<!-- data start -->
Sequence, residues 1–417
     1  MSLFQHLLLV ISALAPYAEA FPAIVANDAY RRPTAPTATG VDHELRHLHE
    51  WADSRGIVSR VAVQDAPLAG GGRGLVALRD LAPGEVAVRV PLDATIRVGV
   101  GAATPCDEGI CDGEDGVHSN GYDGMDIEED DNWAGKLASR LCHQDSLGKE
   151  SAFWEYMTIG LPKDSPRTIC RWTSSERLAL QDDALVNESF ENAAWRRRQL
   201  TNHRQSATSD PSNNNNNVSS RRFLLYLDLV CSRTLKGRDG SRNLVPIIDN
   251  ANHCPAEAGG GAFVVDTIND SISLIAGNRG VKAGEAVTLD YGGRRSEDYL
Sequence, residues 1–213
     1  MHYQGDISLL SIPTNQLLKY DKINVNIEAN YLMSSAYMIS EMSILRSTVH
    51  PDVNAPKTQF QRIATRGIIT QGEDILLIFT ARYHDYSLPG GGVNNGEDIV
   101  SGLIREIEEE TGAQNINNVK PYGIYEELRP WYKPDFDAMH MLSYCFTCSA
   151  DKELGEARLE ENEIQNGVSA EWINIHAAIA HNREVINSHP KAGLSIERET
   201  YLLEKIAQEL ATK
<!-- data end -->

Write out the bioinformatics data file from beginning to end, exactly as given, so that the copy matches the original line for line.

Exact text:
Sequence, residues 1–417
     1  MSLFQHLLLV ISALAPYAEA FPAIVANDAY RRPTAPTATG VDHELRHLHE
    51  WADSRGIVSR VAVQDAPLAG GGRGLVALRD LAPGEVAVRV PLDATIRVGV
   101  GAATPCDEGI CDGEDGVHSN GYDGMDIEED DNWAGKLASR LCHQDSLGKE
   151  SAFWEYMTIG LPKDSPRTIC RWTSSERLAL QDDALVNESF ENAAWRRRQL
   201  TNHRQSATSD PSNNNNNVSS RRFLLYLDLV CSRTLKGRDG SRNLVPIIDN
   251  ANHCPAEAGG GAFVVDTIND SISLIAGNRG VKAGEAVTLD YGGRRSEDYL
Sequence, residues 1–213
     1  MHYQGDISLL SIPTNQLLKY DKINVNIEAN YLMSSAYMIS EMSILRSTVH
    51  PDVNAPKTQF QRIATRGIIT QGEDILLIFT ARYHDYSLPG GGVNNGEDIV
   101  SGLIREIEEE TGAQNINNVK PYGIYEELRP WYKPDFDAMH MLSYCFTCSA
   151  DKELGEARLE ENEIQNGVSA EWINIHAAIA HNREVINSHP KAGLSIERET
   201  YLLEKIAQEL ATK